Wolfgang Amadeus Mozart died on December 5, 1791, attempting to finish his enduring masterpiece, the Requiem. But even in its somewhat truncated form (completed by his student, Franz Xaver Süssmayr), the work set a high standard for future Requiem composers with it economical but consummate depiction of mourning, dread, supplication, and exaltation.
Raleigh's new Holy Name of Jesus Cathedral is certainly an appropriate venue for such a work. When the North Carolina Symphony and North Carolina Master Chorale announced a performance in this fifth largest Catholic cathedral in the U.S., with its 80-foot ceilings and seating for 2,000, the building's acoustics were an obvious point of interest.
Judging by the Thursday, November 16 presentation (from a seat about six rows back), the space allows for clear delineation of solo voices and instruments, along with thrilling choral effects at both ends of the dynamic range. Inevitably, when orchestra and chorus are going full force, there can be difficulties in differentiating various musical lines and deciphering the text because of the reverberation. But overall, the acoustics are impressive in their expansiveness and presence.
Much of the positive impression from this first hearing came from guest conductor Douglas Boyd, whose precise cues and vivid gestures were not only instructive to the performers but also to the audience. His obvious familiarity with the work and his deep feeling for its wonders made the performance one great arc of gripping awe and emotion. His tempos were brisk but never rushed and always sensitive to Mozart's myriad changes of mood and dynamics.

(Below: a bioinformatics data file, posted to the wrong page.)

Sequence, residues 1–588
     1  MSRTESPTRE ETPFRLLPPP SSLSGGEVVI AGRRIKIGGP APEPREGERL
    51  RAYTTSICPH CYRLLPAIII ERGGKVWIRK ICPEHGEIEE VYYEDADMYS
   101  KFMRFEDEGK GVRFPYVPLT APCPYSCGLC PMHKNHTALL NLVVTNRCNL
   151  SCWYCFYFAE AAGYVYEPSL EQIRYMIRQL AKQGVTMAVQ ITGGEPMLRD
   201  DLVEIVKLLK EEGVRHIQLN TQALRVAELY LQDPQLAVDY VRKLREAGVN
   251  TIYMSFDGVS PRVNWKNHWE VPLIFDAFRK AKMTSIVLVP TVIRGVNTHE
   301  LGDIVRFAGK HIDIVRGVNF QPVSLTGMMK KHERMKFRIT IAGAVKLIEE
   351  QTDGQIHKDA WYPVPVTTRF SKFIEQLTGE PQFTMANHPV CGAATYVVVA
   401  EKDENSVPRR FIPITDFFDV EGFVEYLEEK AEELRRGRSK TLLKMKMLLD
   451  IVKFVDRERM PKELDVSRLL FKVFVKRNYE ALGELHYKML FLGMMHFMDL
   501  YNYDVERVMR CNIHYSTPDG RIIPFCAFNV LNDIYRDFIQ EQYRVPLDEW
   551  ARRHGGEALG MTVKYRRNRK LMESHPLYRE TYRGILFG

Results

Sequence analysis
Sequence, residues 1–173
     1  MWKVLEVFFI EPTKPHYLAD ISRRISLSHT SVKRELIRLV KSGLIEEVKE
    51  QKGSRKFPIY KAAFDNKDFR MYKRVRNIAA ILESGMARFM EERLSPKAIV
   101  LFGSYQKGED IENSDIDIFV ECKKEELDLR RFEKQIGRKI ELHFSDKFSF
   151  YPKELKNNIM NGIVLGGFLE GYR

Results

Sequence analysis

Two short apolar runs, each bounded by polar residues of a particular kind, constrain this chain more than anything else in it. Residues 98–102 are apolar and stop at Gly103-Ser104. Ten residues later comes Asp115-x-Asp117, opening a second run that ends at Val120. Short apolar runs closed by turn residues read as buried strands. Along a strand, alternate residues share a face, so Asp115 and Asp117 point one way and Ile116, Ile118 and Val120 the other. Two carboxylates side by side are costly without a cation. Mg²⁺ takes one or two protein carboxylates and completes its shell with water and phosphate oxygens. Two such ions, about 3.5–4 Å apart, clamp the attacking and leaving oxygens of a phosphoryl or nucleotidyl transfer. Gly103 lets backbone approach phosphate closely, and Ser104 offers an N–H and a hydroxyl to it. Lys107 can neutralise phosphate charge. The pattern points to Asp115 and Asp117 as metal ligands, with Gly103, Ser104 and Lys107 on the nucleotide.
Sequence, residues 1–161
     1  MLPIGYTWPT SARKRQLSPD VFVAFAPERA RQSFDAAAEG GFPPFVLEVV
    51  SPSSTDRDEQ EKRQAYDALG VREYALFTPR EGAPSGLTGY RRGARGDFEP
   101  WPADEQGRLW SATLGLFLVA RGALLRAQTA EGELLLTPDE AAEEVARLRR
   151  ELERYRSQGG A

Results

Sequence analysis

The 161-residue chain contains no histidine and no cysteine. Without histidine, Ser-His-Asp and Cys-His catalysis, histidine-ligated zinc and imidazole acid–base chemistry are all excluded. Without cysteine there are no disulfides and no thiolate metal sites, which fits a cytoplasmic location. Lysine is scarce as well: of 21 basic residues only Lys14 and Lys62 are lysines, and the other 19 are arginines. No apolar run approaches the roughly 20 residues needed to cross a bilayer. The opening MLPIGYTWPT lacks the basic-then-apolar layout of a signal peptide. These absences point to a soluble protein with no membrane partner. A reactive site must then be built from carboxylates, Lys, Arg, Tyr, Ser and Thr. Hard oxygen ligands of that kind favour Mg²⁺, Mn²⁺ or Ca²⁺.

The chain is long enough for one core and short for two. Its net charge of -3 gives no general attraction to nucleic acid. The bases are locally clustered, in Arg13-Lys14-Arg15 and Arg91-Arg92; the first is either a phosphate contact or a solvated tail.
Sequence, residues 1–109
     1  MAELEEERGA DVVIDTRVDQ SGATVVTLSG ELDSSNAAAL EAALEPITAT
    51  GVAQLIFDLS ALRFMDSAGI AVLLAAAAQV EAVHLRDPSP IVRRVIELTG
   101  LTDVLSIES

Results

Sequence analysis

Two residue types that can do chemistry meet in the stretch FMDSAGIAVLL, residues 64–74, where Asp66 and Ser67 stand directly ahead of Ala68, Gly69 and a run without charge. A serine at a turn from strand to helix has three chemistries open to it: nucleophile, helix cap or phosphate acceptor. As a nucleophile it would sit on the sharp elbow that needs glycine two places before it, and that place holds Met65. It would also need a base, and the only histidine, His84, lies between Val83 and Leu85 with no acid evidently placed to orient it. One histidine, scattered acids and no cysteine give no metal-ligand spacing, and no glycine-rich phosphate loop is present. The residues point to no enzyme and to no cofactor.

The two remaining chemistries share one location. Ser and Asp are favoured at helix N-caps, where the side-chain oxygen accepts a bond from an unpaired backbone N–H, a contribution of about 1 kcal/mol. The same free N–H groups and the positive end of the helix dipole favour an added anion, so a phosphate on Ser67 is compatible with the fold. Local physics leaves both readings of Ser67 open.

Of course this could not have occurred without a fully prepared chorus, and the NC Master Chorale was in particularly fine fettle here. Its music director, Alfred E. Sturgis has honed his singers into a first-rate ensemble, as evidenced by their spring-loaded responses to Boyd's prompts. The great outbursts of "Rex," in the "Rex tremendae" portion of the Sequentia, were chilling in their ferocity and marvelous in their dying reverberation, astutely allowed for by Boyd. On the other end of the spectrum, the women's phrase, "Voca me cum benedictis" in the "Confutatis maledictis" section, wafted ethereally in the vast open space. The chorus of about 50 singers impressed with their blend and unity, equally adept at the gentle sway of the "Lacrimosa" and the bright acclamation of the Sanctus.
The four soloists worked well together. With his bright, clear tenor, Thomas Cooley was particularly engaging, a combination of the tenor part's lively writing and the performer's detailed response to it. Baritone Michael Sumuel had a rounded, warm tone that blended nicely but sometimes didn't speak strongly on its own. Soprano Mireille Asselin floated her phrases with a lovely lightness, and mezzo soprano Sofia Selowsky sang her lines with a firm edge. The quartet's highly satisfying performance of the "Benedictus" had a lyrical sweetness that would have fit right into one of Mozart's operas.
The orchestra, reduced in size per Mozart's requirements (two basset horns, two bassoons, two trumpets, three trombones, timpani, organ and strings), also responded subtly to Boyd's every move. It was especially fulfilling when heard most clearly in gentle passages accompanying the solo quartet and in the quieter choral sections.
The Requiem will likely take on a different feel in the performances Friday and Saturday in Raleigh's Meymandi Concert Hall and Sunday in Chapel Hill's Memorial Hall, where the acoustics will allow more detail to shine through. But choral performances in large church spaces have their own appeal, indicated by this thoroughly gratifying one in Raleigh's grand new Holy Name of Jesus Cathedral.
For more information on the upcoming performances see the sidebar.